Saturday, April 25, 2009

The Wisdom of Crowds

I'm trying to be a voracious reader. More realistically, I'm a persistent reader. I stick with it, page by page, until I finish.

This dogged determination has paid off with the completion of "The Wisdom of Crowds" by James Surowiecki. The concept he brought to life had considerable real-world applications and he examined some very important implications. I wish I could capture what Surowiecki so expertly describes and download it into the brains of my colleagues. In short, it has the potential to revolutionize the way we work.

TWoC does an excellent job of describing the reasons and manner in which a group of people can make consistently better judgements than individuals, even so-called experts in the field. Please think about that for a second. For most challenges, with the right conditions and framework, a collection of average minds is always more trustworthy than the one mind that is a focused expert on a particular issue. The crowd won't always be right, but they will be more often than the individual. When we're all looking at a loose set of variables and don't know what's next, statistically you should go with the crowd's wisdom, not the guy that looks confident.

The implications of this are enormous. We get caught up in status, appearances, experience or some other social signal and defer judgement to the individual we're confident will make the best choice. We're wrong. We're placing confidence in the wrong source. Surowiecki acknowledges in his afterword that, even after writing the book, he still felt anxious entrusting a crowd to make the right call. The conventional wisdom that's been burned into us has a powerful pull.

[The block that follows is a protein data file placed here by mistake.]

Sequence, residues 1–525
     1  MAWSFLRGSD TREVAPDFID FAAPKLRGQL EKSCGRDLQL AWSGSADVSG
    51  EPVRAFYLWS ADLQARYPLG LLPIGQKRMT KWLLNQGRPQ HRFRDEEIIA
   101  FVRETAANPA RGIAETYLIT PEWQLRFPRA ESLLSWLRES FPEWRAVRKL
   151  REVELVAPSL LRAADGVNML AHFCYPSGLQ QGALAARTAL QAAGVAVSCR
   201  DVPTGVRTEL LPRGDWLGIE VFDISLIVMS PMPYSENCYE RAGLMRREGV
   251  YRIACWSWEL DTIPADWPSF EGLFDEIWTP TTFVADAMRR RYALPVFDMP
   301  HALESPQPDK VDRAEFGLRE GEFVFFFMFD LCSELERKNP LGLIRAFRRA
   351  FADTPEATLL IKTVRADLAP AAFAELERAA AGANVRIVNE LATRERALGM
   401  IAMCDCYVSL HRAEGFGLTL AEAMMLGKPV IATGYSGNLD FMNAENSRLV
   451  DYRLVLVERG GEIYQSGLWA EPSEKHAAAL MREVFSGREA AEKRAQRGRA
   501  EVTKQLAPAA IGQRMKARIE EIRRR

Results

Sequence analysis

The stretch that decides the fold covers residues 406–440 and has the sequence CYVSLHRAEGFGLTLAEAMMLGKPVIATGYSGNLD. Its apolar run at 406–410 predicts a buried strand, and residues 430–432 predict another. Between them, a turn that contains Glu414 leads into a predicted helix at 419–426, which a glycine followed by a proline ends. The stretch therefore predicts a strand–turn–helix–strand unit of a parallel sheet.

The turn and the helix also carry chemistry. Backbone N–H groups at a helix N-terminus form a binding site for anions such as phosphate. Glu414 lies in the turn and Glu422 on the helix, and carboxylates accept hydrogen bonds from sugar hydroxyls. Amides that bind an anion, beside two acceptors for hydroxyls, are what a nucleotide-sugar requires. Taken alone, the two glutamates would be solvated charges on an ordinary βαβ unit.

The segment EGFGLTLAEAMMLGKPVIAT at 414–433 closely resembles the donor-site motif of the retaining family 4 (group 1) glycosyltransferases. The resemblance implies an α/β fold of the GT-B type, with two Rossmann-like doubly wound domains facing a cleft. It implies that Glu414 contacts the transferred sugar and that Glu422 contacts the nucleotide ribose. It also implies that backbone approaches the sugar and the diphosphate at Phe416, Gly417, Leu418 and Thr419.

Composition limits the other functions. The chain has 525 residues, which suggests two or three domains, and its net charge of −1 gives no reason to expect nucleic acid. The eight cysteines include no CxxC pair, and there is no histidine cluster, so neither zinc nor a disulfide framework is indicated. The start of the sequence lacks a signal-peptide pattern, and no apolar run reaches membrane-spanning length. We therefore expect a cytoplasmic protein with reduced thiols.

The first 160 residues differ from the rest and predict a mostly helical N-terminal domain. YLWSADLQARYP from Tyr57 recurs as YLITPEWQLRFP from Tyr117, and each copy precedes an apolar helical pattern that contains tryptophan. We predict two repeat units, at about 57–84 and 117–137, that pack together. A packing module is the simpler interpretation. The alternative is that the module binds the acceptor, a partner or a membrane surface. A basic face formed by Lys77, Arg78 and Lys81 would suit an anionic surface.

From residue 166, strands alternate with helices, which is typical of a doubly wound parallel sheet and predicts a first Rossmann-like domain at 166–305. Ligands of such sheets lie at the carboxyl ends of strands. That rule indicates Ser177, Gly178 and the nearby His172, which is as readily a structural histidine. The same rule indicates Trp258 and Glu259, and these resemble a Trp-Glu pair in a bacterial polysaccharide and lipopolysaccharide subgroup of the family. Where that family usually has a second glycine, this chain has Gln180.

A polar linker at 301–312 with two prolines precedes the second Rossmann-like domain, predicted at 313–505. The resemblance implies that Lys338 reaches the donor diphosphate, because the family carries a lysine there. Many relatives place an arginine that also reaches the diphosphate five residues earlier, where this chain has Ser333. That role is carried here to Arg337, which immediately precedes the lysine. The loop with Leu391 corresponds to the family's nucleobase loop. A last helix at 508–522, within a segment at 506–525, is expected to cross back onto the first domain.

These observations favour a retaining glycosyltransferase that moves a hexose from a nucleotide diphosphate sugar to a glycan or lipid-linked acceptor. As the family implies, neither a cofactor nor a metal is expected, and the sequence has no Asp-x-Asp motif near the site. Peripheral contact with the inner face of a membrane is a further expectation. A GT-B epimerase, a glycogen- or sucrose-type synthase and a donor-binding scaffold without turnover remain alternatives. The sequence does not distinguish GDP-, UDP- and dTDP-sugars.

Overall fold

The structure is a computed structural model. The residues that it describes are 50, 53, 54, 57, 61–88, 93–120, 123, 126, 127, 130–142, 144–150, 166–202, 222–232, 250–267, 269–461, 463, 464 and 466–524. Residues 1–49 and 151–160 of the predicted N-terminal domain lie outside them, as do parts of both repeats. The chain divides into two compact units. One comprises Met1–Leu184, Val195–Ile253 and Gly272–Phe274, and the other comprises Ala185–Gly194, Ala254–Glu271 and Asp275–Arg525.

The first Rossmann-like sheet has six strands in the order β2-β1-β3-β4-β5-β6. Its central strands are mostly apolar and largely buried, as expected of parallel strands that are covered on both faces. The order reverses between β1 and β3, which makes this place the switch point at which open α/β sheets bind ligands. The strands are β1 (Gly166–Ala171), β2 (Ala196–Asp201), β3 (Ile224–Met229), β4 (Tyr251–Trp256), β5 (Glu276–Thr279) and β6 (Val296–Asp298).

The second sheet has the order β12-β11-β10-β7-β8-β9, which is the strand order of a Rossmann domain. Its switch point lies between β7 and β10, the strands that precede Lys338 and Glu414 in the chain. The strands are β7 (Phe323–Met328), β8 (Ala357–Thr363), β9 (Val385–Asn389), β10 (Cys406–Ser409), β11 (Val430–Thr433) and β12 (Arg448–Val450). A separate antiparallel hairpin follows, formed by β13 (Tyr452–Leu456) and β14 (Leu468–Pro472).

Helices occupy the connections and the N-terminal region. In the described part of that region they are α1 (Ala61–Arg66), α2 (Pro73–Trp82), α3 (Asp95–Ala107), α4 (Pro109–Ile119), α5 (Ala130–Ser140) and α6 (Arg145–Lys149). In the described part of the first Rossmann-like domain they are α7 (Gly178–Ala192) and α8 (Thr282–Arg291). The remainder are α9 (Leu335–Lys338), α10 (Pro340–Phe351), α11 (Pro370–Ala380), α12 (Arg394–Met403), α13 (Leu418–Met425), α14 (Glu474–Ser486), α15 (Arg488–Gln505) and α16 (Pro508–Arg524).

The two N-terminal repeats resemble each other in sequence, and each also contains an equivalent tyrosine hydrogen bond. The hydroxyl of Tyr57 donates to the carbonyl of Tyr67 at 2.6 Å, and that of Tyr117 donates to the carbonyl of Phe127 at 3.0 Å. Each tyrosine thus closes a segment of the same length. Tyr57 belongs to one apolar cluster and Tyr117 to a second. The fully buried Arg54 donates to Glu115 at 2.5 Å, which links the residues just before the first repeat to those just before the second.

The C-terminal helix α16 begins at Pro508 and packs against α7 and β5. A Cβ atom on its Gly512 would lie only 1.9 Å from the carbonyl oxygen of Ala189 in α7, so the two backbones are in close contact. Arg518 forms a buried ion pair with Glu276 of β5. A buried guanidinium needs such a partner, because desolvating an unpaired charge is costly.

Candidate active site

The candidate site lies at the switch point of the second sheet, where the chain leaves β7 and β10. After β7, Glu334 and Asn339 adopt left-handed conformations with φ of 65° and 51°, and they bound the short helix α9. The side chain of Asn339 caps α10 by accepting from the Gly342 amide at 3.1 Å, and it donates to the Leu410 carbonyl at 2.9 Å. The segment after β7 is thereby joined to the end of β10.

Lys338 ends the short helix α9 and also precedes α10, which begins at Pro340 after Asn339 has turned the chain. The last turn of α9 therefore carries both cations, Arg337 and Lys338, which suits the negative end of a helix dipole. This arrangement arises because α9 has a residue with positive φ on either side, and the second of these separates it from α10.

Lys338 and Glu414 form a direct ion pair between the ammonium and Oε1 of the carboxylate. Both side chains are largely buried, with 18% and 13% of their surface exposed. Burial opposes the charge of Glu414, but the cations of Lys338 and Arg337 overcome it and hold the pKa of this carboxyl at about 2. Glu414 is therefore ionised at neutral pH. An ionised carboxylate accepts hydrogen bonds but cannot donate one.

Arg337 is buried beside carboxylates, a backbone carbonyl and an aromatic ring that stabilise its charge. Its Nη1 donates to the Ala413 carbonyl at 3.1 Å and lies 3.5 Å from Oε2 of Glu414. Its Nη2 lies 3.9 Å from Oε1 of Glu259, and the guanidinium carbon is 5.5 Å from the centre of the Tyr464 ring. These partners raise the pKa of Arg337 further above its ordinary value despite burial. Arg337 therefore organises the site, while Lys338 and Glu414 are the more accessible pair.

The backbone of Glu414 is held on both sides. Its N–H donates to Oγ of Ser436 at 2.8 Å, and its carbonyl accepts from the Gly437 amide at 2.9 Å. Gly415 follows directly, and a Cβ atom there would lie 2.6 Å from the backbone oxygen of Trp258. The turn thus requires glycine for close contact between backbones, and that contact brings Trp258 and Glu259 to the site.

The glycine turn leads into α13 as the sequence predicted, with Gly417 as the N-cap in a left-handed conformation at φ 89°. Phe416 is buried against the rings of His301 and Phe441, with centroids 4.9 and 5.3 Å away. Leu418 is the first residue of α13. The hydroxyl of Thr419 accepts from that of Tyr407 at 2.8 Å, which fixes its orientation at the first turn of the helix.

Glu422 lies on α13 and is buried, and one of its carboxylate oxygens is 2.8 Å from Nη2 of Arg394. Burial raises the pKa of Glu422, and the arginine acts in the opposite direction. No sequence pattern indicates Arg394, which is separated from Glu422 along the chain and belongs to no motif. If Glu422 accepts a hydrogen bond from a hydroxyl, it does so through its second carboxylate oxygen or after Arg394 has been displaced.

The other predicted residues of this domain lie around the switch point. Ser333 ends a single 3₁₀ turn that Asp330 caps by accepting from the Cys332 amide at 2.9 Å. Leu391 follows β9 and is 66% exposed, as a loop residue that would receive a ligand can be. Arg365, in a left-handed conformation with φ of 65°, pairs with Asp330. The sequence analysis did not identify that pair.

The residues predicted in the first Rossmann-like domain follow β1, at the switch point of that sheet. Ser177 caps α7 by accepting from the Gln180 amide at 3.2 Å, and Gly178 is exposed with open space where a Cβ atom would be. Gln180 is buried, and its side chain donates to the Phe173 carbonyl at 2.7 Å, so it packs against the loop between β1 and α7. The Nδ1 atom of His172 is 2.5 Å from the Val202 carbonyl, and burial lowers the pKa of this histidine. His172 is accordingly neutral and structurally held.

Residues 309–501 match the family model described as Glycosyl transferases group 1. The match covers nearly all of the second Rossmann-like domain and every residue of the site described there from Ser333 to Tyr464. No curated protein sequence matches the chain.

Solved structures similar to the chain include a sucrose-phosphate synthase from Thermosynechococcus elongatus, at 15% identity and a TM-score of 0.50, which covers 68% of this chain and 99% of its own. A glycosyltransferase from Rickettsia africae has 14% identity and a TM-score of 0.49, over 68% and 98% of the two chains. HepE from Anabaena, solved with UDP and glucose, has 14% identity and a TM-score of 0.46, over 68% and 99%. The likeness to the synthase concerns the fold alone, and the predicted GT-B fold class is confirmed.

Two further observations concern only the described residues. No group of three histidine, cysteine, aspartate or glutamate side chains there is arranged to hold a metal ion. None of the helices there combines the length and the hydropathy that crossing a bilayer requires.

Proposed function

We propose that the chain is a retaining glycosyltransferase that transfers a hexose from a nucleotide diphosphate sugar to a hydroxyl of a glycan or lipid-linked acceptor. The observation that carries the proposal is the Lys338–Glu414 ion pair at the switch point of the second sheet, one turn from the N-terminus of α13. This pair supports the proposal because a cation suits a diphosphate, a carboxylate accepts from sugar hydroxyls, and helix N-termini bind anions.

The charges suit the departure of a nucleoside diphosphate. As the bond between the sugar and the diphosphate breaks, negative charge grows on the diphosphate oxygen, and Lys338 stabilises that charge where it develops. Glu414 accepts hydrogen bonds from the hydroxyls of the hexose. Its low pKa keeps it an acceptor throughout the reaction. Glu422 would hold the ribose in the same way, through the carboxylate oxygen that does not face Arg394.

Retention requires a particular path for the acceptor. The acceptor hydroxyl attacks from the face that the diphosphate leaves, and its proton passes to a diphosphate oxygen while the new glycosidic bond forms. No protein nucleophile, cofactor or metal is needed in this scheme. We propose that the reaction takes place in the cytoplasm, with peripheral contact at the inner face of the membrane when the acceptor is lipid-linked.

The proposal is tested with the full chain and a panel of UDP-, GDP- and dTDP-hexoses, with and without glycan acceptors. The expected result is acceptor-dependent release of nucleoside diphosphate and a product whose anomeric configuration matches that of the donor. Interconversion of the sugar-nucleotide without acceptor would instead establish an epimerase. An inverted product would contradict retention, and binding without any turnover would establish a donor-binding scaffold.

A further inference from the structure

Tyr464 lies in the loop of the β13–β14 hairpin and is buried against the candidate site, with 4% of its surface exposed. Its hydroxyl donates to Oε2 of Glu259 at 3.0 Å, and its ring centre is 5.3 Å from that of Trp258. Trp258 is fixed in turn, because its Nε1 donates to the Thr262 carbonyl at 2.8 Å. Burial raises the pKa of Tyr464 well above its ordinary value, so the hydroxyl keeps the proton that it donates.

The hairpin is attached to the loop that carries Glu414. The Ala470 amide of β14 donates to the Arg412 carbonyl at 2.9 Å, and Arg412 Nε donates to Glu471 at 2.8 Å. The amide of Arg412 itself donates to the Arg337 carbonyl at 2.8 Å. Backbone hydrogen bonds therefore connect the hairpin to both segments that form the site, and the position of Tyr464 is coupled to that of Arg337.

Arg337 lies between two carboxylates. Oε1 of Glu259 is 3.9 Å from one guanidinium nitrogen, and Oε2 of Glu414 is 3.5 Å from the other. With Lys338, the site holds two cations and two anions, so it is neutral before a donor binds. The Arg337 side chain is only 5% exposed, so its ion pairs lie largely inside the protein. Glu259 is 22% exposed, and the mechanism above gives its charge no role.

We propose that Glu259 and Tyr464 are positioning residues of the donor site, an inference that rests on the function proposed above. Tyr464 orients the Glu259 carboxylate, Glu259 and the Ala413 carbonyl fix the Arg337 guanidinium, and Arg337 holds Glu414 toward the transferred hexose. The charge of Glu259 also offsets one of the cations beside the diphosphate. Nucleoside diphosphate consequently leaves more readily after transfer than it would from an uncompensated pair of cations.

This illogical, gut feeling that makes us hesitate instead of openly inviting diverse opinion on matters of significance is a clue as to why we're stagnating. If you agree with the book, it still takes a "mind over emotion" persistence to put it into practice. That's hard work, and I'm not talking hours at your desk, I'm talking introspection.

My posts lately all seem to fall into a common pattern:
  • name an issue
  • ask if it's a problem
  • if yes, summon the courage to change behaviour.

Are you deferring significant issues to an indivdual? Do they have the information to make good decisions? Do you have greater access to diverse perspective? Are you part of the crowd that could do better? Are you the individual that's convinced you know best? What happens if you engage some diverse perspective?

I don't know about you, but I get a little nervous when I ask these questions.

No comments: